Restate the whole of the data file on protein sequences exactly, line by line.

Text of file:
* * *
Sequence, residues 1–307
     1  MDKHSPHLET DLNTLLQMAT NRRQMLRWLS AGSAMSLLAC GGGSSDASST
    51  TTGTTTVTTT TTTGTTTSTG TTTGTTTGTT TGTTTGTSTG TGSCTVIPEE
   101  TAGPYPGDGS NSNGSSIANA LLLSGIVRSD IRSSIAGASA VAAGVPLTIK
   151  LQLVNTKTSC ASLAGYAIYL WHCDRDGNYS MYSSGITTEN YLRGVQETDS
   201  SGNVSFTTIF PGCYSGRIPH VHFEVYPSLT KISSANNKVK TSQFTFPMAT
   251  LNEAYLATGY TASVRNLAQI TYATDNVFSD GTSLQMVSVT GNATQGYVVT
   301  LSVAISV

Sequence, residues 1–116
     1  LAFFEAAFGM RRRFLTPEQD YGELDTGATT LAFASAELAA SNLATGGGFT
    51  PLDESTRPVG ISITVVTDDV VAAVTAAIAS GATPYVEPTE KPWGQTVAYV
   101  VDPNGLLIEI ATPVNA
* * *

Sequence, residues 1–307
     1  MDKHSPHLET DLNTLLQMAT NRRQMLRWLS AGSAMSLLAC GGGSSDASST
    51  TTGTTTVTTT TTTGTTTSTG TTTGTTTGTT TGTTTGTSTG TGSCTVIPEE
   101  TAGPYPGDGS NSNGSSIANA LLLSGIVRSD IRSSIAGASA VAAGVPLTIK
   151  LQLVNTKTSC ASLAGYAIYL WHCDRDGNYS MYSSGITTEN YLRGVQETDS
   201  SGNVSFTTIF PGCYSGRIPH VHFEVYPSLT KISSANNKVK TSQFTFPMAT
   251  LNEAYLATGY TASVRNLAQI TYATDNVFSD GTSLQMVSVT GNATQGYVVT
   301  LSVAISV

Sequence, residues 1–116
     1  LAFFEAAFGM RRRFLTPEQD YGELDTGATT LAFASAELAA SNLATGGGFT
    51  PLDESTRPVG ISITVVTDDV VAAVTAAIAS GATPYVEPTE KPWGQTVAYV
   101  VDPNGLLIEI ATPVNA